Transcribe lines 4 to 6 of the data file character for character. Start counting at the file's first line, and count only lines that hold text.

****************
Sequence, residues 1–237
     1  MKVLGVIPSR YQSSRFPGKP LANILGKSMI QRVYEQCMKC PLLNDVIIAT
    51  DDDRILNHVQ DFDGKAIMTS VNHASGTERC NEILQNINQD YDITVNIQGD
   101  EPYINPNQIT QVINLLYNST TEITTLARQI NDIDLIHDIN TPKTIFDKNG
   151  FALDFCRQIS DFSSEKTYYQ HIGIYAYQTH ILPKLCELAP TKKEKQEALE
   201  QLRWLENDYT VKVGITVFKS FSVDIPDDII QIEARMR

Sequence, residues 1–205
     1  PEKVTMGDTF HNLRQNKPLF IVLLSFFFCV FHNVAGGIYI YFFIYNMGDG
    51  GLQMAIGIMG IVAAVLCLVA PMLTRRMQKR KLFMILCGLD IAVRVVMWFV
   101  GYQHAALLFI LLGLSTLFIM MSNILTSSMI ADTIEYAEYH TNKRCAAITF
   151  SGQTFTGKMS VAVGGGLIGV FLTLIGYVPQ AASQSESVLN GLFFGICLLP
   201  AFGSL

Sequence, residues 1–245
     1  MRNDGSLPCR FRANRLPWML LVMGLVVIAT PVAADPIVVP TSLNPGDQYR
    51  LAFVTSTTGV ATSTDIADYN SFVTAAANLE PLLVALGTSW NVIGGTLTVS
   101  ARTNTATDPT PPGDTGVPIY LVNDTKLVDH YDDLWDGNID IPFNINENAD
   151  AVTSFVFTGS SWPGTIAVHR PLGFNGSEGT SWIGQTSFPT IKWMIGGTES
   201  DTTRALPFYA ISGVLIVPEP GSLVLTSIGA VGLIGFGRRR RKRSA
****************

   101  EPYINPNQIT QVINLLYNST TEITTLARQI NDIDLIHDIN TPKTIFDKNG
   151  FALDFCRQIS DFSSEKTYYQ HIGIYAYQTH ILPKLCELAP TKKEKQEALE
   201  QLRWLENDYT VKVGITVFKS FSVDIPDDII QIEARMR